Tomorrow, the White House Comment line will be open again (202-456-1112), and I will call them yet again and let them know what I think. They need to hear it, believe me.

So, do something! As long as it is constuctive and nonviolent, it will probably help in the long run. And even if it doesn't, at least you can sleep at night.

Just Beyond the Fear

"But for just one fleeting moment
The answer seemed so clear
Heaven's not beyond the clouds
It's just beyond the fear
No, heaven's not beyond the clouds
It's for us to find it here."
(sorry, I forgot to note the author. This is the end of a poem about
the cease fire at Christmas in WW One.)

Saturday, December 25, 2004

Christmas Day

Here's some historical perspective of Christmas and it's celebrations:

"After the Reformation, godly Protestants in Europe were absolutely opposed to Christmas. It was despised by the Puritans and Non-conformists in England. In 1644, when the Puritans controlled the Parliament, it was declared that no observation of Christmas was to be had on December 25th, but, instead, it was to be observed as a normal market-day. It was called "the Profane Man's Ranting Day." At that time, troops would actually break up Christmas celebrations, tear down decorations, and arrest anyone holding a service on that day! Some who celebrated it in Europe were also thrown into prison.

America's settlers ("Protestant America") rightfully considered Christmas a "popish" holiday. In fact, it was only in the early 1800s that several founding members of the New York Historical Society "invented" Christmas. Before then, it was illegal in colonial Massachusetts to even take December 25th off work. Christmas was forbidden as "unseemly to ye spiritual welfare of ye community." (Christmas was banned in Massachusetts in 1659, and this law remained for about twenty years. In Boston, public schools stayed open on December 25th until as late as 1870!) It wasn't until 1836 that any state declared Christmas a holiday (Alabama), and then there were no more state declarations until the Civil War. The so-called Christmas customs and traditions were later concocted more for commercial purposes than for religious."

And today, we have American Christians claiming that the holiday is being attacked because of people saying "Happy Holidays" instead of "Merry Christmas"! It seems to me, that if they are truly following Christian ideals, they would be quite tolerant of people saying "Happy Holidays" and even "Happy Solstice".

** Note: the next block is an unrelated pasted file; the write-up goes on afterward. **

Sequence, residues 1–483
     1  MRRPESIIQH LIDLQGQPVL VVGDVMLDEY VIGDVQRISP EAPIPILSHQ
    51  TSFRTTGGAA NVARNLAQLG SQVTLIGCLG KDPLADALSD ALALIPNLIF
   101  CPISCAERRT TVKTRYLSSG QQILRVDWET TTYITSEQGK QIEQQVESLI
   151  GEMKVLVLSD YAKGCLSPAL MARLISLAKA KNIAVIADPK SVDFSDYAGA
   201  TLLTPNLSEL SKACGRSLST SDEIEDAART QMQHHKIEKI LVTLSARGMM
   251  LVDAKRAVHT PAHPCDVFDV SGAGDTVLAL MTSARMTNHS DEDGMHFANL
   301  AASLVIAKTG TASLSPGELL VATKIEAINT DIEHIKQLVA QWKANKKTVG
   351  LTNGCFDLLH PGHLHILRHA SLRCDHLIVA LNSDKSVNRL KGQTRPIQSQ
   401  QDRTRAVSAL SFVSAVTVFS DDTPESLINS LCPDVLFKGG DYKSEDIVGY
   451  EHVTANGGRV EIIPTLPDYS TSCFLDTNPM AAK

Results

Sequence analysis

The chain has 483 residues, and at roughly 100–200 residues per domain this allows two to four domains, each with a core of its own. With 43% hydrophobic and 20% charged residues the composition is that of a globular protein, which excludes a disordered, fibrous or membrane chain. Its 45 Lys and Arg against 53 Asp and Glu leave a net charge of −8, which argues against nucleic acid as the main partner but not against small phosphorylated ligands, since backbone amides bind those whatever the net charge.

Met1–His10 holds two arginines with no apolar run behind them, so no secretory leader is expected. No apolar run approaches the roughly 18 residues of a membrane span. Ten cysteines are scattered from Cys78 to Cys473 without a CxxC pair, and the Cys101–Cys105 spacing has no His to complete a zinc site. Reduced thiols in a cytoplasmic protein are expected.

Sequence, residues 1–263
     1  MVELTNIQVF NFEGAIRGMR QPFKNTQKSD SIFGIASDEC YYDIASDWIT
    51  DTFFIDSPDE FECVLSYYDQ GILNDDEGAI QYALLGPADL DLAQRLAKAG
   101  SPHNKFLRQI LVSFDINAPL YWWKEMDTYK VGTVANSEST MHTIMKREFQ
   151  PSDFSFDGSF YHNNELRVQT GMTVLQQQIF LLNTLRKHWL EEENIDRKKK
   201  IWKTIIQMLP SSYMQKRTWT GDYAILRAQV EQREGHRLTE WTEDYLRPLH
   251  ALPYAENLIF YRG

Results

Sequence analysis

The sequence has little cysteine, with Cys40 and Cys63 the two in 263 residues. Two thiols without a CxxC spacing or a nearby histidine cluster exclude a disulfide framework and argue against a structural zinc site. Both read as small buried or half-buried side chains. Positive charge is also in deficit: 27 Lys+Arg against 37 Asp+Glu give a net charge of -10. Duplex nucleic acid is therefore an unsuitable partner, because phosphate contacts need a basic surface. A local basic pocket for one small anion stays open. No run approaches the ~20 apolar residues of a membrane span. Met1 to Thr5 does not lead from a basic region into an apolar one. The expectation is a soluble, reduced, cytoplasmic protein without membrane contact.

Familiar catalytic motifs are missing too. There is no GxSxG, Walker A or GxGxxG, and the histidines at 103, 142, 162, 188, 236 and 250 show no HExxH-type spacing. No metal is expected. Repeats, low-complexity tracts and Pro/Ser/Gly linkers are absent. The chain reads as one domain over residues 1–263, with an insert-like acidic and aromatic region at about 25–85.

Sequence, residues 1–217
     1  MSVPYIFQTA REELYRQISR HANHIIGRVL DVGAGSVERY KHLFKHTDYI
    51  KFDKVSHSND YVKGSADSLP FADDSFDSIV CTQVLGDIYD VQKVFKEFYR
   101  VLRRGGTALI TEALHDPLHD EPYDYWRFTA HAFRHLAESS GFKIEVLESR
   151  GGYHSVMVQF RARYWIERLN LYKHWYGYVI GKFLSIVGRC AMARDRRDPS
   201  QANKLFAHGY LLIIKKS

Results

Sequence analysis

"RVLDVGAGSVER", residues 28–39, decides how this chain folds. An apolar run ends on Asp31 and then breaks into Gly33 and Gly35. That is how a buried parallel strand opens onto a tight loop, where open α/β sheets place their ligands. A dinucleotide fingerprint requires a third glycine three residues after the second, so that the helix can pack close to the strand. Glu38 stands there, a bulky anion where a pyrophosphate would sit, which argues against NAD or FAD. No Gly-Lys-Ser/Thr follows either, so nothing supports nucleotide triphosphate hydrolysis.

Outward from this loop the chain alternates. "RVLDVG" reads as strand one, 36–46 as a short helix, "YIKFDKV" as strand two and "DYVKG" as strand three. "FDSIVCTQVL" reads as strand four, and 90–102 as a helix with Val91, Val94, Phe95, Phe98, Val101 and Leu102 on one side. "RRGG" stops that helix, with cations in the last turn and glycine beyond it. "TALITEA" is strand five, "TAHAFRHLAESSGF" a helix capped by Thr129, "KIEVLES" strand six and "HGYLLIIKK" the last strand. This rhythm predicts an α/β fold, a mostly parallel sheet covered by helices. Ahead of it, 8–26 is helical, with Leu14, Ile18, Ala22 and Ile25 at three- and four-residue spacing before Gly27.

I heard of the origins of another holiday custom today... the origins of the luminary. This is where you place a cup or so of sand in a brown paper bag, place a candle inside, and then place a few hundred of these lights on the streets and driveways at night. It is quite beautiful! This came from New Mexico, I heard.

"Someday at Christmas, a new world will start... with peace and hope born in every heart, someday at Christmas, men will be free.... maybe not in time for you and me, but someday at Christmas time..."

In this season of celebration of Light, may the Light of God shine in your eyes and your heart!

Friday, December 24, 2004


"And if they ask you why they died, tell them: because their father's lied."
(his son died in WW 1)
Mr. Suarez: "My son died, my government lied, my life changed."
(his son died in Iraq in 2003)

Christmas Gifts

Christmas Gifts

My brother sent me a gift in the mail. It is a very tiny, very cute little thingy… a Memory Stick/PC Card Adaptor. I like small, little things, which is why I got notebook computers in the first place. I think it was very sweet of him to send me a gift, and the point of this Memory Stick is to transfer my data (mostly old emails) off of my old computer and put it on my new computer. Right now, my old computer acts like a giant floppy disk. (Let’s leave aside the question of “should I save this data at all?” If I do transfer the data, then I can sell or give away the old computer, anyway.) He said he sent me this because he wanted to give me something practical.

I have no earthly idea how to make it work.

I was driving around town today and looking at the rime ice up on the mountains. (Rime ice, for those who have never seen it, is actually condensation, or humidity, frozen on tree branches and such.) It leaves the top of a mountain looking mostly white, with a bottom part that is mostly brown (some green from the pine trees). It is like someone drew a line to separate the two areas. While driving, I listened to my friend, Cecil, on the local radio station. He was talking about different holiday traditions and celebrations. I really enjoy having Cecil on the local radio. These were two gifts from today… the rime ice and the progressive radio with Cecil. This radio station allows me to hear “Democracy Now” with Amy Goodman. This is quite a gift.

Cecil mentioned the ancient rites of this season…. The pagan celebration of the winter solstice. I attend the Religious Society of Friends meeting (Quakers). We do not even have services for Christmas, even though this is a religion founded on (as they like to say) the “radical” teachings of Jesus Christ. They don’t see where Jesus asked us to celebrate his birthday, and they suspect, like I do, that he was born in the spring anyway. They consider the whole holiday quite “populist”.